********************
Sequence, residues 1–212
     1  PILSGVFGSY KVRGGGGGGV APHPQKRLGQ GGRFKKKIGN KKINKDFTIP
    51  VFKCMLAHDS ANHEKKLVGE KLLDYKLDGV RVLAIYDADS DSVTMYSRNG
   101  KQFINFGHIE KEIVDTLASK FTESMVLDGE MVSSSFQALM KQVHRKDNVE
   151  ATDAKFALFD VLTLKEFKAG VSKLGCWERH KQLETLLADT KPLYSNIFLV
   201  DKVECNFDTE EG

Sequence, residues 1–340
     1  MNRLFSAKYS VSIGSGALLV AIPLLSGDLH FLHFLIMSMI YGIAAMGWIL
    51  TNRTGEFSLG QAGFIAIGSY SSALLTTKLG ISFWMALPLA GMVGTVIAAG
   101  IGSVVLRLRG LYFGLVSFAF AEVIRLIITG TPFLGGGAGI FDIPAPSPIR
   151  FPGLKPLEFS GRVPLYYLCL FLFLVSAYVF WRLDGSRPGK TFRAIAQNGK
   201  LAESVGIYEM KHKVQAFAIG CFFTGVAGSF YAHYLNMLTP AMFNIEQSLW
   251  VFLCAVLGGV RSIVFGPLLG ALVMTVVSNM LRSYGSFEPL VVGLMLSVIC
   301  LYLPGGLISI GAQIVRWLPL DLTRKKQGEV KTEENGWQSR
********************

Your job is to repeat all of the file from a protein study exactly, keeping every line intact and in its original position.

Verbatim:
Sequence, residues 1–212
     1  PILSGVFGSY KVRGGGGGGV APHPQKRLGQ GGRFKKKIGN KKINKDFTIP
    51  VFKCMLAHDS ANHEKKLVGE KLLDYKLDGV RVLAIYDADS DSVTMYSRNG
   101  KQFINFGHIE KEIVDTLASK FTESMVLDGE MVSSSFQALM KQVHRKDNVE
   151  ATDAKFALFD VLTLKEFKAG VSKLGCWERH KQLETLLADT KPLYSNIFLV
   201  DKVECNFDTE EG

Sequence, residues 1–340
     1  MNRLFSAKYS VSIGSGALLV AIPLLSGDLH FLHFLIMSMI YGIAAMGWIL
    51  TNRTGEFSLG QAGFIAIGSY SSALLTTKLG ISFWMALPLA GMVGTVIAAG
   101  IGSVVLRLRG LYFGLVSFAF AEVIRLIITG TPFLGGGAGI FDIPAPSPIR
   151  FPGLKPLEFS GRVPLYYLCL FLFLVSAYVF WRLDGSRPGK TFRAIAQNGK
   201  LAESVGIYEM KHKVQAFAIG CFFTGVAGSF YAHYLNMLTP AMFNIEQSLW
   251  VFLCAVLGGV RSIVFGPLLG ALVMTVVSNM LRSYGSFEPL VVGLMLSVIC
   301  LYLPGGLISI GAQIVRWLPL DLTRKKQGEV KTEENGWQSR